BP earnings triple to $8.5 billion as prices soared during Russia-Ukraine war
LONDON - BP said its earnings from April to June almost tripled from a year earlier, increasing pressure on governments to intervene as energy companies profit from high oil and natural gas prices that are fueling inflation and squeezing consumers.
Net income jumped to $9.26 billion in the second quarter from $3.12 billion in the same period a year ago, London-based BP said Tuesday. It said it expects oil and gas prices to remain high due to disruptions in supply caused by Russia’s invasion of Ukraine.
BP’s earnings come as energy companies worldwide scoop up record profits. British rival Shell last week posted an unprecedented $18 billion quarterly profit. Irving, Texas-based Exxon Mobil reported net income of $17.85 billion, and San Ramon, California-based Chevron earned $11.62 billion.
Nick Butler, a visiting professor at Kings College London and a former BP vice president, said the figures are likely to make BP and other oil companies uncomfortable given the pain high energy prices are causing for consumers.
"I think BP’s very sensitive to the reputational problems of making money at this level," Butler told the BBC. "I think there’s a real case here, which I think people in the companies would be very open to, for the government calling together the industry to find a plan to get us through the winter without putting these very high prices onto ordinary consumers."
British regulators have increased the annual energy price cap for household gas and electricity bills by 73%, to 1,971 pounds ($2,408), since Oct. 1. Cornwall Insights, an energy and utility consultant, on Tuesday estimated that the cap would jump a further 70%, to 3,359 pounds, this fall as regulators try to keep pace with wholesale gas prices.
In the United Kingdom, where inflation reached a 40-year high of 9.4% in June, the government has announced a 25% windfall profits tax on the earnings of oil and gas companies that come from British operations.
BP said Tuesday that the windfall profits tax would increase the headline tax rate on its North Sea operations to 65% from 40%. The company said it plans to set aside $800 million to cover the bump.
The opposition Labour Party said the government should do more to help consumers.
"People are worried sick about energy prices rising again in the autumn, but yet again we see eye-watering profits for oil and gas producers," Rachel Reeves, the party’s spokeswoman on treasury issues, said in a statement. "Labour argued for months for a windfall tax on these companies to help bring bills down, but when the Tories finally U-turned they decided to hand billions of pounds back to producers in tax breaks."
Brent crude, a benchmark for international oil prices, averaged $113.83 a barrel in the second quarter, up 65% from a year earlier, according to BP. Natural gas prices more than doubled over the same period, rising as Russia's war in Ukraine worsened an energy crunch and as Moscow has reduced or cut off natural gas supplies to a dozen European Union countries.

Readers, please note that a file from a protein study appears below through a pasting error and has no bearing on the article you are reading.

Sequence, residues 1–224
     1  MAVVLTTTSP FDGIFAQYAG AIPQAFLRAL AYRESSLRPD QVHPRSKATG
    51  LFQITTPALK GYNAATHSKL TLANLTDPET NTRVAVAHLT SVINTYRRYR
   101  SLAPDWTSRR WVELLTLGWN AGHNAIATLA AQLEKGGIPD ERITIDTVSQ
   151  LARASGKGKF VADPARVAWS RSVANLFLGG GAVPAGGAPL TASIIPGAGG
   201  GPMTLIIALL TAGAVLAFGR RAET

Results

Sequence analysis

The high prices pushed BP's underlying replacement cost earnings, an industry standard profit measure that excludes one-time items and the value of inventories, to $8.45 billion in the second quarter from $2.80 billion in the same period last year.
The soaring earnings allowed BP to return billions of dollars to shareholders, with the company boosting its dividend by 10% and announcing plans to buy back $3.5 billion in shares. BP said it expects to increase dividends by about 4% annually through 2025.
BP shares rose 4.3%, to 409.8 pence, in afternoon trading on the London Stock Exchange, outpacing the 0.2% gain in the benchmark FTSE 100 Index.
The company also said it was investing in plans to increase the production of renewable energy and reduce reliance on fossil fuels as the company seeks to cut net carbon emissions to zero by 2050. The company said it increased its pipeline of renewable energy projects by 10% in the first half of the year, primarily through an option to develop offshore wind farms off the east coast of Scotland and a global solar energy initiative.
"Our people have continued to work hard throughout the quarter helping to solve the energy trilemma — secure, affordable and lower carbon energy," Chief Executive Bernard Looney said. "We do this by providing the oil and gas the world needs today — while at the same time investing to accelerate the energy transition."
Environmental groups criticized the company for moving too slowly.
"While households are being plunged into poverty with knock-on impacts for the whole economy, fossil fuel companies are laughing all the way to the bank," said Doug Parr, chief scientist for Greenpeace UK. "The government is failing the U.K. and the climate in its hour of need."